But one woman, overwhelmed with grief, could not. She sat on a bench crying as relatives comforted her. When a military band began playing Ukraine’s national anthem, she wept harder.
“Glory to Ukraine,” an officer called out.
“Glory to the heroes,” mourners responded.
To visit Krasnopilske cemetery during a military funeral is to experience the brutal sweep of Ukraine’s war with Russia and the terrible intimacy of families’ loss. Twenty-seven soldiers were laid to rest last Friday. Of those, 12 were buried as unknowns in a military section that grows larger almost by the day.
For Povorotny, the small cemetery on the outskirts of Dnipro speaks to the sacrifice his people have paid in blood since Russian President Vladimir Putin launched the invasion on Feb. 24. In just three months, the cemetery’s military section has added 293 graves, compared with 175 in the previous eight years, since war broke out with Moscow-backed separatists in the eastern Donbas region in 2014.
“You can see how the war changed. And this is just one cemetery, one of thousands of cemeteries in Ukraine,” said Povorotny, a military chaplain and archpriest in the Orthodox Church of Ukraine’s Dnipropetrovsk region’s diocese.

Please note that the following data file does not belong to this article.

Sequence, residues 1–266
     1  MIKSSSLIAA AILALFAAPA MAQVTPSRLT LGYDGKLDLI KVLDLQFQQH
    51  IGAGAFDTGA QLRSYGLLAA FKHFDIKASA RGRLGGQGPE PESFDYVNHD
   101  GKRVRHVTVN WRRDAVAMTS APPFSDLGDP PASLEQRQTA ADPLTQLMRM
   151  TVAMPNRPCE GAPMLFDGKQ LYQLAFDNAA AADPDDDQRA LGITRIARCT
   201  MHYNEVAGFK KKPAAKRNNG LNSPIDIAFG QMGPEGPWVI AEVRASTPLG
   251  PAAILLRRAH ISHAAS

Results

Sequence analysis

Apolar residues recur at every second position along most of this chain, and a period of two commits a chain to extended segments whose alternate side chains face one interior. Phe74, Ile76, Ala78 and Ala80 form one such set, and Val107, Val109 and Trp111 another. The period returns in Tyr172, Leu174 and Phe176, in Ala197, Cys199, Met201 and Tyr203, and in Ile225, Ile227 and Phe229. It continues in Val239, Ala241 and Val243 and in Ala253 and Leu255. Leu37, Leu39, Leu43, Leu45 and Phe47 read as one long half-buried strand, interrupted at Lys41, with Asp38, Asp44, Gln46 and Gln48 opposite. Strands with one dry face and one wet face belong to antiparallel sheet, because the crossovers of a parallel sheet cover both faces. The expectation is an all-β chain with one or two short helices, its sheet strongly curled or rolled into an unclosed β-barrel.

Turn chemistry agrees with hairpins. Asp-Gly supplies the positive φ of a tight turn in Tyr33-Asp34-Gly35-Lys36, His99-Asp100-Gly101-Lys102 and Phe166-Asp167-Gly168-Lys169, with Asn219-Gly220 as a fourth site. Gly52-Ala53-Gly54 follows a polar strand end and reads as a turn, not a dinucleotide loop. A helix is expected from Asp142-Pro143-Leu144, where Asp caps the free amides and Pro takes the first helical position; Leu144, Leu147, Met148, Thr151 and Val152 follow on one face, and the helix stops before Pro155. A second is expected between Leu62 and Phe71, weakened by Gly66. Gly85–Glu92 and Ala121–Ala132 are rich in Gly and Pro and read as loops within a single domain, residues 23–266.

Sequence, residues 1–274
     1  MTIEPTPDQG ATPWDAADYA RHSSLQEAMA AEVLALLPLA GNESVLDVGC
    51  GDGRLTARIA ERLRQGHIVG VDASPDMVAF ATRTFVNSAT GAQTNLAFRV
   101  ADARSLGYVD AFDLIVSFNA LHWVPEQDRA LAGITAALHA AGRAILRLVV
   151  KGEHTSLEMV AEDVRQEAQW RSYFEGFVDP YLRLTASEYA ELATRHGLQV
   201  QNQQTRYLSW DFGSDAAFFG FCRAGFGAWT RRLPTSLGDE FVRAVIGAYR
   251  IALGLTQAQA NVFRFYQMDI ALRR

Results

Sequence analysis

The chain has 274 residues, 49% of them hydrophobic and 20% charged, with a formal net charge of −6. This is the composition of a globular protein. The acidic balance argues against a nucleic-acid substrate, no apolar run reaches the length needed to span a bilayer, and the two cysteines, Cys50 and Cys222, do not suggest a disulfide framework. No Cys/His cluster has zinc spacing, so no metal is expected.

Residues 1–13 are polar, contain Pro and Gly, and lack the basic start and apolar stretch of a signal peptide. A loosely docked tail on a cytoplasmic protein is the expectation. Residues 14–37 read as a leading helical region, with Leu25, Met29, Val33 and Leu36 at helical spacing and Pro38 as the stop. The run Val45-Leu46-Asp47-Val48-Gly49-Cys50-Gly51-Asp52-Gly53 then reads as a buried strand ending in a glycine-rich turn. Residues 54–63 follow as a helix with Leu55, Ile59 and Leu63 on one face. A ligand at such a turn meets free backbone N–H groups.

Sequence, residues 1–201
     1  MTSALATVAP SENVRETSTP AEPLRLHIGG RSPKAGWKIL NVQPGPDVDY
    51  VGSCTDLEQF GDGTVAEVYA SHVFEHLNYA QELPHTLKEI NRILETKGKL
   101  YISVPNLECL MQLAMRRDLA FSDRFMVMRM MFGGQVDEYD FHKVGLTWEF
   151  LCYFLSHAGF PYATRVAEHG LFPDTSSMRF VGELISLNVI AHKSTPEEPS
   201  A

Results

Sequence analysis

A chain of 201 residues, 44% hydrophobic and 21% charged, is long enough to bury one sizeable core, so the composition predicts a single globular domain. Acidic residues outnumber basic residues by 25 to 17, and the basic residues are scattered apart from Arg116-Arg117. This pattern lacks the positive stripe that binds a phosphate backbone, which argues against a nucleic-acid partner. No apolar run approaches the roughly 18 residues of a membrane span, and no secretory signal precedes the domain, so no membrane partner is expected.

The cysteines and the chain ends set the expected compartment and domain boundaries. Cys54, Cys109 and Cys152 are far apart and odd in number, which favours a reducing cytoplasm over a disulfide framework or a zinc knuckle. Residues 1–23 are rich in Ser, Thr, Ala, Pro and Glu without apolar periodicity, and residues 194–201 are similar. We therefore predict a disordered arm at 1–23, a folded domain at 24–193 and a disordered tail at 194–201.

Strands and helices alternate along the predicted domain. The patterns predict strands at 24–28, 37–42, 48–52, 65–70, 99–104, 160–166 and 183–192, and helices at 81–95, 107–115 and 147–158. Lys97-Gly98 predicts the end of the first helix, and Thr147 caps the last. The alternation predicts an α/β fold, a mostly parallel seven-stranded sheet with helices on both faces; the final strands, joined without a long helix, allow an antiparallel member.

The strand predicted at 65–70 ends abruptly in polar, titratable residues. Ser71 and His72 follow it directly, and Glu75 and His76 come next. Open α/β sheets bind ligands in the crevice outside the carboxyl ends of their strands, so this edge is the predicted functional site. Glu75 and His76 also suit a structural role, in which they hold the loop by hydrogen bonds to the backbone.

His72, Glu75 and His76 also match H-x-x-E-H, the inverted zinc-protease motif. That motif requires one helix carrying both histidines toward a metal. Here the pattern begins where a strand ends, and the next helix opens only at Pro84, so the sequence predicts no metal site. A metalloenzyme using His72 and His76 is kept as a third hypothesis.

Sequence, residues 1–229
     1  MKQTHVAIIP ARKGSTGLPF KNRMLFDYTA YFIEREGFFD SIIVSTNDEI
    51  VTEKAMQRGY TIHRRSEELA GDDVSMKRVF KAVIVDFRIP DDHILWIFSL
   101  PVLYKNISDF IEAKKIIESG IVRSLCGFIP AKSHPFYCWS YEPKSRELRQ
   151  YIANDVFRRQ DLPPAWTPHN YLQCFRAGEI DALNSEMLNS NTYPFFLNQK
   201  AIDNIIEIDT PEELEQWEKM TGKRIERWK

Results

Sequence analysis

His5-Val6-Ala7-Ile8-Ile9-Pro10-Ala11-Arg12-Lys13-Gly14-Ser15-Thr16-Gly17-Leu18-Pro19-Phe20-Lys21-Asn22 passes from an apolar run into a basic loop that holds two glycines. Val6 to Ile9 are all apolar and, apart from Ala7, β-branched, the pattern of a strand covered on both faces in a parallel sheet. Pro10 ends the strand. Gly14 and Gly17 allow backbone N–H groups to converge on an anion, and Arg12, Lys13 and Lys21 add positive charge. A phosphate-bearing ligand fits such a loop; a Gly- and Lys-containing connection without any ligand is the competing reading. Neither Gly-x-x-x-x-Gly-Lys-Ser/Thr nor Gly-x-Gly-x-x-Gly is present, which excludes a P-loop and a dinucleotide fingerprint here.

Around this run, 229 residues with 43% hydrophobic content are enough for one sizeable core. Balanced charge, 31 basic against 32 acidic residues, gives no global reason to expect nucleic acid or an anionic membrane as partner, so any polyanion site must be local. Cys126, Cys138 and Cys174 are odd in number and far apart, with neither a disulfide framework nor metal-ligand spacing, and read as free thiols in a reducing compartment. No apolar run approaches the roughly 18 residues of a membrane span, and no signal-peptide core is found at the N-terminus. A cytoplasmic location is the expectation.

Povorotny has conducted about 10 mass burials at the cemetery since the war began, he said in an interview following Friday’s ceremony. Every week, he conducts one or two individual funerals, too. He estimated that more than 700 members of the military have been killed in the Dniepropetrovsk region alone.
But when he looks into the faces of the mourners, he said, he’s convinced he can see their faith in ultimate victory, despite their losses and pain.
“Putin called it a special operation. Before that, they called it a civil war,” Povorotny said, holding a hand over the wooden cross hanging from his neck. “For us, it’s a real war of independence.”
The funerals that occur daily around Ukraine are also unfolding with new protocols that have been rewritten to reflect Western customs, such as those followed by the United States, and uniquely Ukrainian traditions, instead of those inherited from Russia and the Soviet Union.
And they come as…